A tool for visualizing the structure and performance of Random Forests
A tool for visualizing the structure and performance of Random Forests (and other ensemble methods based on decision trees).
Install and update RFVis via pip:
$ pip install rfvis
This will allow you interactively visualize a fitted Random Forest (RF) in your browser. To directly generate SVG files from your model you also need to install Node.js, see Command Line Interface for more information.
Command Line API
RFVis offers a command line tool to either generate SVG files directly from
your input data (
rfvis cli <data>) or to spin up a web-based GUI for a more
interactive analysis (
rfvis gui <data>).
To see all available commands run:
$ rfvis --help Usage: rfvis [OPTIONS] COMMAND [ARGS]... A tool for visualizing the structure and performance of Random Forests Options: --version Show the version and exit. --help Show this message and exit. Commands: cli Command line interface to generate SVGs. gui Web-based graphical user interface.
Graphical User Interface
To interactively analyze your forest with the web-based GUI run:
$ rfvis gui /path/to/data * Running on http://127.0.0.1:8080/ (Press CTRL+C to quit)
You can now open up your browser at http://localhost:8080 to see something like this:
Command Line Interface
$ rfvis cli /path/to/data >> Exported "/dev/random-forest-visualization/tree-0.svg" >> Exported "/dev/random-forest-visualization/tree-1.svg" >> Exported "/dev/random-forest-visualization/tree-2.svg" >> Exported "/dev/random-forest-visualization/tree-3.svg" ...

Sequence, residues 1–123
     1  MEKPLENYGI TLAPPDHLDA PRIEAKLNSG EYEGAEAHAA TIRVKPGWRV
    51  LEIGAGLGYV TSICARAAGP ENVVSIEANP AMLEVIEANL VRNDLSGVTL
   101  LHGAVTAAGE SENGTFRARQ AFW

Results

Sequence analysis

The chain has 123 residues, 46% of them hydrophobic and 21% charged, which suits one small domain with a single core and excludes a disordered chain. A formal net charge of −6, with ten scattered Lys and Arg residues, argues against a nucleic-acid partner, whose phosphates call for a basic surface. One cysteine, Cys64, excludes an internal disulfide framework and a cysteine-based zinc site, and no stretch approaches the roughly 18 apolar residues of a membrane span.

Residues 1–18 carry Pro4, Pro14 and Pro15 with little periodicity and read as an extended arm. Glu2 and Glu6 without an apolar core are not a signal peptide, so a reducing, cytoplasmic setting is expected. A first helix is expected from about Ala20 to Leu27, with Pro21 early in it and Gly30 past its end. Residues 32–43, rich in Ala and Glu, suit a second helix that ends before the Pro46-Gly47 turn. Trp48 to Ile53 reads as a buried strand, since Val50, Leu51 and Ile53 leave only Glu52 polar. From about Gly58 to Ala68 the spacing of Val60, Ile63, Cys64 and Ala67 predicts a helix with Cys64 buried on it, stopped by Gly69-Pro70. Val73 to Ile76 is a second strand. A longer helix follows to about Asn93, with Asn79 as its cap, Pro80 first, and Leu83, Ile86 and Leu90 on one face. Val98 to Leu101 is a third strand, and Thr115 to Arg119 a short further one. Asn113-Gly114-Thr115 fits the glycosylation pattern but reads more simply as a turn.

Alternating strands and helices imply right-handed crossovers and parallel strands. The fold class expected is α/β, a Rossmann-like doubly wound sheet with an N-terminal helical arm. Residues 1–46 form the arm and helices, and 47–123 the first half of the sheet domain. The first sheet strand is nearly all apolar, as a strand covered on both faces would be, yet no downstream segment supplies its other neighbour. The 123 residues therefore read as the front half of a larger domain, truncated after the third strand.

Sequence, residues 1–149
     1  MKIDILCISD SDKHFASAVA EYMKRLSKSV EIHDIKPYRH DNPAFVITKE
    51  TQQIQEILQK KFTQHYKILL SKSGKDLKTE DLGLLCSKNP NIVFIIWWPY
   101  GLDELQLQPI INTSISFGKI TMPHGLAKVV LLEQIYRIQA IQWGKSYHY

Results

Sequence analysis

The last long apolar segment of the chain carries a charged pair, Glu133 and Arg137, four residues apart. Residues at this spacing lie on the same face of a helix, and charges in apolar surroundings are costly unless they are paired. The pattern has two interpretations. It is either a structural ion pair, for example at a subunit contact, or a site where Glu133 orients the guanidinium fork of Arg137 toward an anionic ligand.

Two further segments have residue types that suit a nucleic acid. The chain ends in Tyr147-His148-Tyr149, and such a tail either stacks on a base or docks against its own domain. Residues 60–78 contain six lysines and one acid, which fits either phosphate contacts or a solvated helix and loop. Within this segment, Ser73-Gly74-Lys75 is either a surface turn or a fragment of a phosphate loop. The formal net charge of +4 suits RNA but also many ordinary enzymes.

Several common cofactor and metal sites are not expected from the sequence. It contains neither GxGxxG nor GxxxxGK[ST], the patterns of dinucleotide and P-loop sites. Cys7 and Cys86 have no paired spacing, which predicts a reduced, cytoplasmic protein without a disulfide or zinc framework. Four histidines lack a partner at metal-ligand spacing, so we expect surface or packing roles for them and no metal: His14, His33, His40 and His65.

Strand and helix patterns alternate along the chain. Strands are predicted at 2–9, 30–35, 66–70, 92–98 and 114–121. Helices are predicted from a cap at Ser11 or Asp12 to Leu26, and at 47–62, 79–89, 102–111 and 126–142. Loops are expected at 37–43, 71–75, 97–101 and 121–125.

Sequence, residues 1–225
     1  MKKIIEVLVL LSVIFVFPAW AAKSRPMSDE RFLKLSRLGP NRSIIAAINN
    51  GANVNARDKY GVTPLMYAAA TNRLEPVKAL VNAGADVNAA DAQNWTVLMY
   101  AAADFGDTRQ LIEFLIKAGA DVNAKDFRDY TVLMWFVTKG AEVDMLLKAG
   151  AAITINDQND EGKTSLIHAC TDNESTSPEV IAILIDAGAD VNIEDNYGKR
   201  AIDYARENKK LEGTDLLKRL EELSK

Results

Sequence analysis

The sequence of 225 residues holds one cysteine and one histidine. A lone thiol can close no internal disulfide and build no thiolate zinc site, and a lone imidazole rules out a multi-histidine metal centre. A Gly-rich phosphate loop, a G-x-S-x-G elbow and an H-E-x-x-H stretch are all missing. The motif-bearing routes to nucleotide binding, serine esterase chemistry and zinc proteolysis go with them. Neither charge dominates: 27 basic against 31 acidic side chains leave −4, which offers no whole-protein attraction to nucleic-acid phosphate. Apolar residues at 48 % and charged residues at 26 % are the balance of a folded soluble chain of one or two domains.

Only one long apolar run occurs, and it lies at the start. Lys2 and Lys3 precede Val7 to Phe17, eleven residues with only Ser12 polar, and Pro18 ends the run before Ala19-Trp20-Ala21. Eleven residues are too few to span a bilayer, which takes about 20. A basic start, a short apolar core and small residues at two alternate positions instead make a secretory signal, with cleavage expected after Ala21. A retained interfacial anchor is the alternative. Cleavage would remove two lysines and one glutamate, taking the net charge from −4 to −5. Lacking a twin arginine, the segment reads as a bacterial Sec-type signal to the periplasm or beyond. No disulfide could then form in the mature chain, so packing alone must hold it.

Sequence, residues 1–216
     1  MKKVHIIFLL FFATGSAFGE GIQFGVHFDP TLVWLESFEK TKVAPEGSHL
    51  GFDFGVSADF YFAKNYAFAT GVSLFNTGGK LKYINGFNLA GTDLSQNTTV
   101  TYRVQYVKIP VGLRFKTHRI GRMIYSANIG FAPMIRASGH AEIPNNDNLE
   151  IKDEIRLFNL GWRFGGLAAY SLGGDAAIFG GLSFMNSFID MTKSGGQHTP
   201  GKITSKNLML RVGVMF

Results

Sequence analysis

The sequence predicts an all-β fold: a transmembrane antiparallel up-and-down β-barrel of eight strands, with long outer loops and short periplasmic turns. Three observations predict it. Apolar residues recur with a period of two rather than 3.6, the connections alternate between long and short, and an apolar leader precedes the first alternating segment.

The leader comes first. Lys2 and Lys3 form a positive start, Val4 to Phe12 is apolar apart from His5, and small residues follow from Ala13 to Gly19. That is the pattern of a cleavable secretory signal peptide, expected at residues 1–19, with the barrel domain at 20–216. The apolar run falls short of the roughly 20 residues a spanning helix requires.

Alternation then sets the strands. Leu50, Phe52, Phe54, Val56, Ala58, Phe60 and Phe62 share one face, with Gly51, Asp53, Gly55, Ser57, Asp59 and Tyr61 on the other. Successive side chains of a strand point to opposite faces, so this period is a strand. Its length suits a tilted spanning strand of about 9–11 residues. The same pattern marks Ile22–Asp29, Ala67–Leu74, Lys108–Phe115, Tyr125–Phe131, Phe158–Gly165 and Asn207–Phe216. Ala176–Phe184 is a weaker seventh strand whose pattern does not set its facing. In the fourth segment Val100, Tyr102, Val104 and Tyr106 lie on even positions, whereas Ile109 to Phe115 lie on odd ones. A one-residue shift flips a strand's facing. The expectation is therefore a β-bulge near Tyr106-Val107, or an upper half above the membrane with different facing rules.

Get a full list of available options with
$ rfvis cli --help Usage: rfvis cli [OPTIONS] FOREST_JSON Web-based graphical user interface. As Python is unable to render React components, we make a subprocess call to a small Node.js application which will do the rendering and also store the created SVG files. This command requires that Node.js is installed on your system! FOREST_JSON: Path to the JSON file that contains the forest's data. Options: -o, --out PATH Output path of the SVG files. [default: (current working directory)] -w, --width INTEGER Width of the SVG. [default: 800] -h, --height INTEGER Height of the SVG. [default: 800] --trunk-length INTEGER Length of the trunk which influences the overall tree size. [default: 100] --display-depth INTEGER Maximum depth of the tree rendering. Cut of leaves are visualized as pie chart consolidation nodes. --branch-color [Impurity] Coloring of the branches. [default: Impurity] --leaf-color [Impurity|Best Class] Coloring of the leaves. [default: Impurity] --help Show this message and exit.
The data for the Command Line API must be available on your filesystem as a JSON file for the forest and additionally one CSV file per tree. Both data formats will be extended with properties in the future, this is just the minimal set.
You can find a working example under
forest.json holds all information about the ensemble model:
- name (string): Name of your forest, will be displayed in the GUI
- error (float): The error (e.g. the out-of-bag or validation error) of the entire ensemble model, will be displayed in the GUI
- n_samples (int): Number of samples the model was trained on
- correlationMatrix (float): Correlation between the single trees within